Paul Brown was born in 1943 in Massachusetts. After completing all requirements on an accelerated summer undergraduate course completion at Boston University in January 1966, he enlisted in the U.S. Marine Corps on February 18, 1966, and began Officer Candidate School at MCB Quantico, Virginia, in March 1966. He was commissioned a 2nd Lt on May 26, 1966, and received his bachelor’s degree from Boston University in June 1966 with the rest of his classmates. Lt Brown next attended Naval Flight Officer training at NAS Pensacola, Florida, followed by Radar Intercept Officer training for F-4 Phantom IIs at NAS Glenco, Georgia. He was then selected for A-6 Intruder Bombardier/Navigator (B/N) training at NAS Sanford, Florida, followed by A-6A replacement crew training at MCAS Cherry Point, North Carolina, before deploying to South Vietnam in March 1968. Lt Brown served as an A-6A B/N with VMA(AW)-533 of the 1st Marine Aircraft Wing at Chu Lai, South Vietnam, from March 1968 until he was forced to eject over North Vietnam while flying his 104th combat mission on July 25, 1968. He managed to evade capture until July 26th, when he was taken as a Prisoner of War, while his pilot was retrieved by a rescue helicopter. After spending 1,693 days in captivity, Capt Brown was released during Operation Homecoming on March 14, 1973. His next assignment was for flight training at NAS Pensacola, Florida, in the T-34 Mentor, and then to advanced jet training in the T-2C Buckeye and TA-4J Skyhawk at NAS Beeville, Texas, where he was designated a Naval Aviator in February 1975. Maj Brown then served as a KC-130 Hercules pilot and instructor pilot, Supply Officer, Administrative Officer, and then Operations Officer of VMGR-352 of the 3rd Marine Aircraft Wing at MCAS El Toro, California, from February 1975 to October 1978, and during this time he was designated the Refueling Area Commander for Trans Pacific movement of fighter aircraft from the Continental United States (CONUS) to Japan, and then as Director of the KC-130F/R flight simulator at MCAS El Toro. After serving as the Executive Officer/Operations Officer for a Combined Arms Exercise at the Marine Corps Combined Arms Combat Training Center (MCCACTC) at 29 Palms, California, he was selected as the Officer in Charge of the Expeditionary Airfield at MCCACTC from October 1978 to June 1980. LTC Brown served as Director of Safety and Standardization with Marine Air Group 13 at MCAS El Toro from June 1980 to September 1982, and then as Director of Safety and Standardization for the 3rd Marine Aircraft Wing at El Toro from September 1982 to August 1984. His final assignment was as Commanding Officer of Marine Wing Headquarters Squadron 3, with over 1,300 Marine Corps personnel, from August 1984 until his retirement from the Marine Corps on June 1, 1986.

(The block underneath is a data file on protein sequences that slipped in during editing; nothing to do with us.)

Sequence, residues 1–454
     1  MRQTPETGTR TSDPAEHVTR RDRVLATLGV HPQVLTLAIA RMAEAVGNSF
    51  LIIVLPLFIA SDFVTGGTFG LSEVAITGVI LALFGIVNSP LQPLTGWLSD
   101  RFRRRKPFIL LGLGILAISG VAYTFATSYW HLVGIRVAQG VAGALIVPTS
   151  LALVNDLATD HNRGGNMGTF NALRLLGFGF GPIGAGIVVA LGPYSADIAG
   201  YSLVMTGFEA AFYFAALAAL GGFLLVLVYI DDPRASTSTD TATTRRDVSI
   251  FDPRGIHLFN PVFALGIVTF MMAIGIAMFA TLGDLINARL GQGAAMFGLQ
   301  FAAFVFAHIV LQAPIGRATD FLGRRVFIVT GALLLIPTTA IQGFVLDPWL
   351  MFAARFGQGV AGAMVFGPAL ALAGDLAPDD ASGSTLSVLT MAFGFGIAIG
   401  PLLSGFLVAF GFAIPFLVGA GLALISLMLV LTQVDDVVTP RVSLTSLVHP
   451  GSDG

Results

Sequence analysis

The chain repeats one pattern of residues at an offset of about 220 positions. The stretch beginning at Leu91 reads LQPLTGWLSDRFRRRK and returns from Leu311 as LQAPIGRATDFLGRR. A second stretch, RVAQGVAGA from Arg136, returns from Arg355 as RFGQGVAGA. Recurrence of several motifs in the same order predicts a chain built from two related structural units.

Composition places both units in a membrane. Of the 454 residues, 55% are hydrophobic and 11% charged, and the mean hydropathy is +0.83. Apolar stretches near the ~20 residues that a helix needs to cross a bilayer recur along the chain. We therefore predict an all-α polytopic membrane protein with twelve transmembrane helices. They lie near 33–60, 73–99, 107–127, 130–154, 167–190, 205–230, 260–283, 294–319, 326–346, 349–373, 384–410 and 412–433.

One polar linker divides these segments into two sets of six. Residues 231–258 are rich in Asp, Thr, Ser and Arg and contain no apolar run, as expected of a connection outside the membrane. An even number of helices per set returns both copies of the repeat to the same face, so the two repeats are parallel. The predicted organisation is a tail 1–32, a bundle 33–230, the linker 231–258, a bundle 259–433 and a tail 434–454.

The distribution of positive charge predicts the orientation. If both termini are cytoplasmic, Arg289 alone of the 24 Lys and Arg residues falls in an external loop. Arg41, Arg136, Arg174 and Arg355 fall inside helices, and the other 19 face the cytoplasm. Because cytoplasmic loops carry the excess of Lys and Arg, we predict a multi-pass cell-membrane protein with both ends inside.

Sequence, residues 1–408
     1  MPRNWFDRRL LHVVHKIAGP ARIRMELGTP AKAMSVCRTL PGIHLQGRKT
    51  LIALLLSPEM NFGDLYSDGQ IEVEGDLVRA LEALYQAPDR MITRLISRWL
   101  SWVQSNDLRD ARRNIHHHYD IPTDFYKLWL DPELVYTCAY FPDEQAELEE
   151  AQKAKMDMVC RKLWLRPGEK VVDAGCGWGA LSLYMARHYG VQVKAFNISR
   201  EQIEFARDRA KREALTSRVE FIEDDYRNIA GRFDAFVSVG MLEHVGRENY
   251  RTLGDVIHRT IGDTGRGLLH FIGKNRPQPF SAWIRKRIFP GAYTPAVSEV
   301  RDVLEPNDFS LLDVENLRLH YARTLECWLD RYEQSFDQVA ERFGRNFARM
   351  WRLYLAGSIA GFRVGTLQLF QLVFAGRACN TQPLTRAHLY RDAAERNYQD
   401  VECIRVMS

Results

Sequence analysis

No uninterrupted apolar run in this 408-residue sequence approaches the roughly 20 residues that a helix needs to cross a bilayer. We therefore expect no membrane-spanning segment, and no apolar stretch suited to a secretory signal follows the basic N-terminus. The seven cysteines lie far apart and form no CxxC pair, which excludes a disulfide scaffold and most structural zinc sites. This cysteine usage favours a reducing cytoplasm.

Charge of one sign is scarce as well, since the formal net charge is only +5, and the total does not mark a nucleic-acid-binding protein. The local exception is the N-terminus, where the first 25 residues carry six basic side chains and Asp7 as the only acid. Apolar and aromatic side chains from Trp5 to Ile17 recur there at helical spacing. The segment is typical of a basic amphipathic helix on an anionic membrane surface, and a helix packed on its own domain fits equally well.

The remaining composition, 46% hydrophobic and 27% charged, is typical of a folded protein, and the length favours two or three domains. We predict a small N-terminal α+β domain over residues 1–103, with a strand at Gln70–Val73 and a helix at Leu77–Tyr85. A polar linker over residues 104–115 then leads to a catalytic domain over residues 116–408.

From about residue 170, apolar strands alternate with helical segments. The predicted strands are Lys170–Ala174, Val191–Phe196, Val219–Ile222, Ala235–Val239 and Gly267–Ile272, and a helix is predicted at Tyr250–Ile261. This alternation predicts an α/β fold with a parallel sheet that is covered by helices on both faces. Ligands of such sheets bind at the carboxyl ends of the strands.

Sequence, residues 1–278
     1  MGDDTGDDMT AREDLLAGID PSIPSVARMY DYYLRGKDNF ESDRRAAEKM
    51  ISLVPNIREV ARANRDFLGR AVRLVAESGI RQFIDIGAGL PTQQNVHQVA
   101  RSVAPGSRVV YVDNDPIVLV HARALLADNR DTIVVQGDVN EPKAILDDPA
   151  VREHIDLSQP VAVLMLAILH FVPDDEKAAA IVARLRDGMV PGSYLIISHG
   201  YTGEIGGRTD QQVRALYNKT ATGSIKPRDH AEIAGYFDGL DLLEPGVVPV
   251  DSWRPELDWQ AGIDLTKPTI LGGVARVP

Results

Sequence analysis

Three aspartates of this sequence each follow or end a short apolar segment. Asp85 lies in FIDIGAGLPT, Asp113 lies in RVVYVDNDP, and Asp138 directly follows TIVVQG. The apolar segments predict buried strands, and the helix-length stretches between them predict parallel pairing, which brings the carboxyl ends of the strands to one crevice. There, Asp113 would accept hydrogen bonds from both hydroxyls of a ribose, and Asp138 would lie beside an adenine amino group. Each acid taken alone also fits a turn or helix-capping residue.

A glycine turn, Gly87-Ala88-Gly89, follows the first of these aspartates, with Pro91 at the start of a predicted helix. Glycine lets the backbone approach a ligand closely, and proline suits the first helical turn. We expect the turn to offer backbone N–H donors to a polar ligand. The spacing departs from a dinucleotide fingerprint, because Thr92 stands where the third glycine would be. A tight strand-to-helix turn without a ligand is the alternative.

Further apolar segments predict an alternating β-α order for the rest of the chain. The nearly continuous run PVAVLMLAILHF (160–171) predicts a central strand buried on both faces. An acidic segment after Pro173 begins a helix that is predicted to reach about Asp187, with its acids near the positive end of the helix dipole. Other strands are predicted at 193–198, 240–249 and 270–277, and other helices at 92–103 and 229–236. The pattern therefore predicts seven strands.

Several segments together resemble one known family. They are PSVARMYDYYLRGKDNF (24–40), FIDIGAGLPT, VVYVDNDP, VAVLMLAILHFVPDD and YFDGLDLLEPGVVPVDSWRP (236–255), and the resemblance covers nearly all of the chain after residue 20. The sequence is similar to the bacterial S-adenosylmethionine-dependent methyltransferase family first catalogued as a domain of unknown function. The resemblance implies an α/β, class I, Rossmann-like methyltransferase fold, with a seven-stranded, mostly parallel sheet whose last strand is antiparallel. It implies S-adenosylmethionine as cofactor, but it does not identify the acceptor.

His 2nd Air Medal Citation reads:
For heroic achievement in aerial flight while serving with Marine All Weather Attack Squadron 533, Marine Aircraft Group Twelve, First Marine Aircraft Wing in connection with operations against the enemy on 7 June 1968. First Lieutenant BROWN was Bombardier/Navigator of an A-6 Intruder aircraft assigned a road reconnaissance mission over North Vietnam. Upon approaching the designated area, the pilot was informed by the air controller that radar signals from a surface to air missile site had been detected and was requested to conduct a radar reconnaissance to locate the hostile emplacement. Skillfully employing his sophisticated search radar, First Lieutenant BROWN rapidly navigated his pilot to the suspected location. Alertly observing hostile radar activity, he immediately activated his aircraft's electronic countermeasures equipment. Unable to determine whether the activity was from antiaircraft fire control or missile acquisition radar, he unhesitatingly continued his precision search, but was unsuccessful in pinpointing the missile site. Reverting to the original mission, he commenced searching for enemy vehicular activity and ably computed precise bomb release data that enabled his pilot to effectively execute six bombing attacks on moving targets. During five of the bombing runs, only sporadic antiaircraft fire was received, however on the last attack, the Intruder came under intense hostile ground fire. Undaunted by the enemy fire, First Lieutenant BROWN provided his pilot with accurate information that enabled him to deliver his ordnance with pinpoint accuracy, causing a large secondary explosion. First Lieutenant BROWNS's courage, superb aeronautical ability and steadfast devotion to duty in the face of great personal danger contributed significantly to the accomplishment of the hazardous mission and were in keeping with the highest traditions of the Marine Corps and of the United States Naval Service.